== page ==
In William Gibson’s seventh novel, Cayce (pronounced Case) Pollard travels from New York to London to evaluate a footwear logo. Ironically for someone in her profession, she hates trademarks, removing all from her clothing, and is actually terrified of the Michelin man. The most meaningful aspect of her life is following “the footage,” 135 pieces of film available on the Web. Are they segments of a unified whole? What are their maker’s goals? Where and who is the maker? Cayce’s employer, a Belgian billionaire, asks her to find out. Can she trust him? Can she trust anyone? Who is following her and why?
Gibson’s tale works well as a mystery and as a character study. Many novels about the postmodern world offer mere figureheads as protagonists, but Cayce is well rounded, resourceful, and sympathetic: a lost soul as Everywoman. Pattern Recognition examines the ways the Internet creates unlikely communities, while recognizing the need of the individual, even cynics like Cayce, to be part of communities.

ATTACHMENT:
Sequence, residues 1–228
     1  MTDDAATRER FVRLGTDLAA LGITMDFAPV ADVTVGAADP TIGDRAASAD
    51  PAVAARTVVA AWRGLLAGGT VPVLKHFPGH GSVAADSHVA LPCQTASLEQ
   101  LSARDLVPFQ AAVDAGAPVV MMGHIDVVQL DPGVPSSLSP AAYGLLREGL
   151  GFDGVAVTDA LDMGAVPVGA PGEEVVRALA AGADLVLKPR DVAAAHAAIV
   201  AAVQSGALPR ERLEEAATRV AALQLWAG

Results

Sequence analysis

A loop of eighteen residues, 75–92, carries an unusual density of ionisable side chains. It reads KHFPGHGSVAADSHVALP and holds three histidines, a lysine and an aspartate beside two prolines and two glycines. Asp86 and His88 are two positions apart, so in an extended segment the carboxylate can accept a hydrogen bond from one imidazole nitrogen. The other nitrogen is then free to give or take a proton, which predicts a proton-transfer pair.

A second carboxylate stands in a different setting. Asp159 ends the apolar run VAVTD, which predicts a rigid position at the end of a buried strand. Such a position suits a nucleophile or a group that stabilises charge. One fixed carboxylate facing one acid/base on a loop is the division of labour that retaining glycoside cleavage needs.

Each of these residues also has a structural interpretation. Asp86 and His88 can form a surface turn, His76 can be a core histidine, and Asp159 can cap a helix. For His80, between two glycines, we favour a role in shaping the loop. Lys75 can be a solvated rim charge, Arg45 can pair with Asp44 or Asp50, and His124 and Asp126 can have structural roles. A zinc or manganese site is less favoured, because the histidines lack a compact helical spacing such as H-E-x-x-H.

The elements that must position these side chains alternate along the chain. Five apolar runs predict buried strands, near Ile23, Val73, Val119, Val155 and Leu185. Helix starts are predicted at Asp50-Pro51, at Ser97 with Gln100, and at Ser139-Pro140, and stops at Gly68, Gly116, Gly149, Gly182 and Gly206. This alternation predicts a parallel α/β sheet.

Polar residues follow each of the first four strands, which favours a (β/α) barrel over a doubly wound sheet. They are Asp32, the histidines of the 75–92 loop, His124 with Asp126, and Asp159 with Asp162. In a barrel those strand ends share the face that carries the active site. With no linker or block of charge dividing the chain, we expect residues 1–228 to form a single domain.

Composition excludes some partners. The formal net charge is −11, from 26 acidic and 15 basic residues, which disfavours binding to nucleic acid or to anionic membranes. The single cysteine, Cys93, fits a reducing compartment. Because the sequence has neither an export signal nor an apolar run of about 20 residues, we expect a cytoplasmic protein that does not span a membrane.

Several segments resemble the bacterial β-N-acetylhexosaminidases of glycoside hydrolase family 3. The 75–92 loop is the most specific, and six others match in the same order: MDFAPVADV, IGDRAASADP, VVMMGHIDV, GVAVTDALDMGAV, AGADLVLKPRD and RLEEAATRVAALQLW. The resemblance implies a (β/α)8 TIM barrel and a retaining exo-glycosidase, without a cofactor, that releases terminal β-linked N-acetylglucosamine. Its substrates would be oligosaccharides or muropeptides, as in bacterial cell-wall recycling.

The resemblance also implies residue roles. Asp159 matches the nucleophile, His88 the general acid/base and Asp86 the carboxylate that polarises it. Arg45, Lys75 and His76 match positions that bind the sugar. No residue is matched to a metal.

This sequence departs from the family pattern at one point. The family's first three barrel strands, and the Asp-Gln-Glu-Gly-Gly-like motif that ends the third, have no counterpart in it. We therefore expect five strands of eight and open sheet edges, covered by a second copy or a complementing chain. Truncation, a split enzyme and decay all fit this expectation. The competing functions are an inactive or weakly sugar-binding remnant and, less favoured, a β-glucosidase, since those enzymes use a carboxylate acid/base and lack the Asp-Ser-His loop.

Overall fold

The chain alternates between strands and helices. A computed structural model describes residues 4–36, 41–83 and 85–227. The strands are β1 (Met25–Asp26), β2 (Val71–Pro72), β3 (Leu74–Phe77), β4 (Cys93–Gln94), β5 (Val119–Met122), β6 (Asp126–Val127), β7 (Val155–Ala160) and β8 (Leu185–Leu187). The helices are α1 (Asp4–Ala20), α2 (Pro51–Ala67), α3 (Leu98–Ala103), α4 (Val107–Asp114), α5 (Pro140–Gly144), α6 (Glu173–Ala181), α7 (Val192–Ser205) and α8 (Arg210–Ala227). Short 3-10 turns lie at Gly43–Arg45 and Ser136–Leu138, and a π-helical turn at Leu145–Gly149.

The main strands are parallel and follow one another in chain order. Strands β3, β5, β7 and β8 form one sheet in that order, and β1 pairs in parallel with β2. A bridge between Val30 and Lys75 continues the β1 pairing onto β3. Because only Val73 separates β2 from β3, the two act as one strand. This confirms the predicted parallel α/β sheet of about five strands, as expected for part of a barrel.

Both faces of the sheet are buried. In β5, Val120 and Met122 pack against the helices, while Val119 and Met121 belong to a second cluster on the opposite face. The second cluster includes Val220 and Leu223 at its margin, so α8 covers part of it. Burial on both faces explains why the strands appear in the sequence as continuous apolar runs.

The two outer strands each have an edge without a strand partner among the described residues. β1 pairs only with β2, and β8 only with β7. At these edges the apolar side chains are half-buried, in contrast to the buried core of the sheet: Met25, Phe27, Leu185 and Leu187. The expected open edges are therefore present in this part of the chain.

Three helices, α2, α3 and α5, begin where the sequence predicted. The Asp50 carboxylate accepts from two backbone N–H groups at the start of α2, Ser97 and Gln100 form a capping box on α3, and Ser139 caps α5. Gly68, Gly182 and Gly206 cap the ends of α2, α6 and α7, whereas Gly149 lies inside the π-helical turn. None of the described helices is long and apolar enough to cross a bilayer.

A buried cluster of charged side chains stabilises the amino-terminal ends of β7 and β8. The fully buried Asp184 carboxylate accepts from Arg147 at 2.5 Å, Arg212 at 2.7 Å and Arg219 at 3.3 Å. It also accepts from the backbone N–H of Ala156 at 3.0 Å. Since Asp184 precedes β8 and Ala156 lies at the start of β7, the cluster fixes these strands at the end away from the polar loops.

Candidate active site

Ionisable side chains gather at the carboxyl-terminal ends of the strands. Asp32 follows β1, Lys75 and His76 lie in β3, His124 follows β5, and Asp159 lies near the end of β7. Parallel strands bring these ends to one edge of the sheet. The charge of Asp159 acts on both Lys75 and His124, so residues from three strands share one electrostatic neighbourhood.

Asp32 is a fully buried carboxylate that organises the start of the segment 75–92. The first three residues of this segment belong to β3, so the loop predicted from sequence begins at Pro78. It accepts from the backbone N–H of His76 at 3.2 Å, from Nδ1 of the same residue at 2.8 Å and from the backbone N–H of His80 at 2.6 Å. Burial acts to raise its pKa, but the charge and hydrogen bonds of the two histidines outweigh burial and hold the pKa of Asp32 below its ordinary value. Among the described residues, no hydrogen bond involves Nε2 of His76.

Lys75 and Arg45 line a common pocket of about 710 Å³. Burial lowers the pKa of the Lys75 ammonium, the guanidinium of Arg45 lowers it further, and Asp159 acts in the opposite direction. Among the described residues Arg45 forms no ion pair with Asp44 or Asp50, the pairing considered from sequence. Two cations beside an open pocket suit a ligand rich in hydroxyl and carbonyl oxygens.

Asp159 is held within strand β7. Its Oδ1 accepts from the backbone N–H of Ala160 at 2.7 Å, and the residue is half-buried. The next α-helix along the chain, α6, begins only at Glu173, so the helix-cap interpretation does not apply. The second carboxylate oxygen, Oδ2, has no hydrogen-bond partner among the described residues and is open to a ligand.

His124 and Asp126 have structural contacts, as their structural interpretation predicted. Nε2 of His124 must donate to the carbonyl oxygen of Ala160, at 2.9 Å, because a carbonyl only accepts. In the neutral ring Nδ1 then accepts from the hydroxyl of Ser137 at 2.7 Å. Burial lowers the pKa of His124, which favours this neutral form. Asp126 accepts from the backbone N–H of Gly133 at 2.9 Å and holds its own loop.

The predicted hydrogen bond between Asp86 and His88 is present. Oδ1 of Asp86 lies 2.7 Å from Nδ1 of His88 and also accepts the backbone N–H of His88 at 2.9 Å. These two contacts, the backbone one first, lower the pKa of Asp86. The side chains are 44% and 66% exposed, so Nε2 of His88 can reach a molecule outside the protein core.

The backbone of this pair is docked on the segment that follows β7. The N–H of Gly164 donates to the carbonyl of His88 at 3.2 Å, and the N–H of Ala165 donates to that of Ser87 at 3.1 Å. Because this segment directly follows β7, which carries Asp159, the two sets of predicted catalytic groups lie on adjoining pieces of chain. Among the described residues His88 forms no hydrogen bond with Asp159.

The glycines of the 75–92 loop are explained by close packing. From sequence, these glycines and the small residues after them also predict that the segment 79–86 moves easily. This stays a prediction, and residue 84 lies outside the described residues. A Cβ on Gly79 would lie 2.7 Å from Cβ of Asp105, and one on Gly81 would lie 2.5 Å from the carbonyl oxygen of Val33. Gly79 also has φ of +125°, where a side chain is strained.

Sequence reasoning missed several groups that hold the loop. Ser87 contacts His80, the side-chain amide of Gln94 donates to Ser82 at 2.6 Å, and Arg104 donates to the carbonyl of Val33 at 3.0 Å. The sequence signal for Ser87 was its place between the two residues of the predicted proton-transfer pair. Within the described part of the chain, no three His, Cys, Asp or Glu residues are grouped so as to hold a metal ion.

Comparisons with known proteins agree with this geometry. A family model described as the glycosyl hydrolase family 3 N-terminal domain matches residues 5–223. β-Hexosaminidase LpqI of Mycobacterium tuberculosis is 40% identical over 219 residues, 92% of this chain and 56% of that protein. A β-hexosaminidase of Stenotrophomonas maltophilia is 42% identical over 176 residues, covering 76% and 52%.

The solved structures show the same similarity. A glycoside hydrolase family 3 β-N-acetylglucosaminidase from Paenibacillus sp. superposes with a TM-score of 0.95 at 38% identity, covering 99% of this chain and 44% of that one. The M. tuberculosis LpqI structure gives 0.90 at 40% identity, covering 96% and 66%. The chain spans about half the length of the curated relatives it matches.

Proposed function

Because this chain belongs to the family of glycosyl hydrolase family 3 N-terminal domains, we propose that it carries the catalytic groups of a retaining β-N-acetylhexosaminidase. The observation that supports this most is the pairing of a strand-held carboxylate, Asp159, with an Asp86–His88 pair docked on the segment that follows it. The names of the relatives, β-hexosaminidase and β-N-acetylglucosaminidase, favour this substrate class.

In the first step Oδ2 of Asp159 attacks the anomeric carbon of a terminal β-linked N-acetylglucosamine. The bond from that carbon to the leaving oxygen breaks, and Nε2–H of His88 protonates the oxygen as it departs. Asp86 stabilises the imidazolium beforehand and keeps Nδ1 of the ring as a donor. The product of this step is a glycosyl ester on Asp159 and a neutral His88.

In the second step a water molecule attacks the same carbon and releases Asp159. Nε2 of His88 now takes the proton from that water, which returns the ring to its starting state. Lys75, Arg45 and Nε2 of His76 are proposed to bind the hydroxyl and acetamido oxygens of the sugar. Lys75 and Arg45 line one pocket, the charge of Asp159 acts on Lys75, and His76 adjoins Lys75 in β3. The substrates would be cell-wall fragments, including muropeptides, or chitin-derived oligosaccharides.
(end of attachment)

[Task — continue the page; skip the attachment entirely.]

While the novel is intelligent and well written, it lacks that extra element that would elevate it to a higher level. Gibson is often compared to Thomas Pynchon, clearly a major influence here, as are Martin Amis and Don DeLillo, but Pattern Recognition resembles less the Pynchon of V. (1963) and Gravity’s Rainbow (1973) than the one of The Crying of Lot 49 (1966). It is an admirable but lesser achievement.
Booklist 99, no. 6 (November 15, 2002): 548.
Kirkus Reviews 70, no. 22 (November 15, 2002): 1641-1642.
Library Journal 128, no. 2 (February 1, 2003): 116.
New Scientist 178, no. 2397 (May 31, 2003): 50-51.
The New York Times Book Review, January 19, 2003, p. 7.
The New Yorker 78, no. 45 (February 3, 2003): 87.
Publishers Weekly 250, no. 3 (January 20, 2003): 57-58.
Time 161, no. 6 (February 10, 2003): 80.
The Times Literary Supplement, May 2, 2003, p. 24.